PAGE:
Generally I strive (often unsuccessfully) to not put myself in that position, and to just walk away. If you do decide to respond, you should be very careful to limit yourself to just a few responses. One simple fix, a push in the first direction, something to test whether the user just go stuck on one point (or possibly even to consider that your answer has a mistake) or whether they just don't have the ability to understand and apply your answer. You should be putting up your guard and looking for warning signs that you should be leaving.

So while it sometimes seems mean to just go with option one, in many situations it really is the best option for everyone involved.

  • 3
    I have experimented with all these approaches and I find your answer to be spot-on. I have even experimentally chatted with some users. Most of the time to be disappointed by their disability/unwillingness to learn.
    – usr
    Commented May 20, 2014 at 20:12
  • @usr: they just kept on asking for more codez?
    – Jongware
    Commented May 20, 2014 at 22:22
  • 1
    "too few people who are actually capable of reading a comment like that and not being offended" it's not offence that is the problem, the problem is that it a) does not help and b) does not leave any further avenues open. I think it is natural to be frustrated at such comments. Commented May 25, 2014 at 20:36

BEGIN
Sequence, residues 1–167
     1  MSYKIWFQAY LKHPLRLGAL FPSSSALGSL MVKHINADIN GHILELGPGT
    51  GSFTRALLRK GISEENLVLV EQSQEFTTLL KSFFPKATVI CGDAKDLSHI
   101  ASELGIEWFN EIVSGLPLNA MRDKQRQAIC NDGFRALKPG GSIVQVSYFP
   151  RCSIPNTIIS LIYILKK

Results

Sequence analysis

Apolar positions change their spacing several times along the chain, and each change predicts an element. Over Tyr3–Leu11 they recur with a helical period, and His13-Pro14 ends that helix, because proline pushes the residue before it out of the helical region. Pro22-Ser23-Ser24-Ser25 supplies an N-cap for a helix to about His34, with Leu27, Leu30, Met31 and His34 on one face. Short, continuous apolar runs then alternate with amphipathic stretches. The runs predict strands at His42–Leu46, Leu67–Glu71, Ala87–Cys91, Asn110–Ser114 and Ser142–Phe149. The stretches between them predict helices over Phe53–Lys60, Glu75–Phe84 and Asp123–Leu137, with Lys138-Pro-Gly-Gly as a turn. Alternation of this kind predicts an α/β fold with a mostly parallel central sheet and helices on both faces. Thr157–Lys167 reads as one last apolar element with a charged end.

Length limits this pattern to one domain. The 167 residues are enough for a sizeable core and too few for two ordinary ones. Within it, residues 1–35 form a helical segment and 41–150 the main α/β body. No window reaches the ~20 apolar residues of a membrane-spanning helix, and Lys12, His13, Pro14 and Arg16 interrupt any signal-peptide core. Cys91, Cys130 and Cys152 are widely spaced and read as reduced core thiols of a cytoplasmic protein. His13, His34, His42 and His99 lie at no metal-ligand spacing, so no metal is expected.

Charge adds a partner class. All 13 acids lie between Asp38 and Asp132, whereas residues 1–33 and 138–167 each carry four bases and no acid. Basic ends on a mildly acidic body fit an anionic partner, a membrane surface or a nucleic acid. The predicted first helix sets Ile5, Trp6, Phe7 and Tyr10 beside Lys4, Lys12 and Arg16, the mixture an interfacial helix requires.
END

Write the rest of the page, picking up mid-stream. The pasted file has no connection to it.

• 2
    @zespri It absolutely helps. If someone doesn't realize the magnitude and complexity behind a problem they are attempting to solve helping them understand that they don't currently have the ability to tackle that problem is very helpful. Certainly it's more helpful than spending a whole bunch of time explaining concepts that they won't understand; such explanations will seem more helpful, and the question asker will appreciate it more, but if they don't have the ability to understand it then in the long run you're just wasting everyone's time.
    – Servy
    Commented May 27, 2014 at 13:58

Personally, I find it exhausting to help people that aren't cognitively equipped to understand the answer(s) to their question(s), and in that case, it's usually because something in their design is horribly, horribly wrong (PHP tag, I'm talking to you).